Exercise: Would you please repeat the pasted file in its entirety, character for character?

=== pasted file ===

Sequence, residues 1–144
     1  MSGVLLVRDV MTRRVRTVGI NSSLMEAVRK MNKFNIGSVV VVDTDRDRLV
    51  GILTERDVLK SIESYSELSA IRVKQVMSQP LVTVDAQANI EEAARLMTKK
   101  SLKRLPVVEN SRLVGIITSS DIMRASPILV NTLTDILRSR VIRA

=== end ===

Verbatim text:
Sequence, residues 1–144
     1  MSGVLLVRDV MTRRVRTVGI NSSLMEAVRK MNKFNIGSVV VVDTDRDRLV
    51  GILTERDVLK SIESYSELSA IRVKQVMSQP LVTVDAQANI EEAARLMTKK
   101  SLKRLPVVEN SRLVGIITSS DIMRASPILV NTLTDILRSR VIRA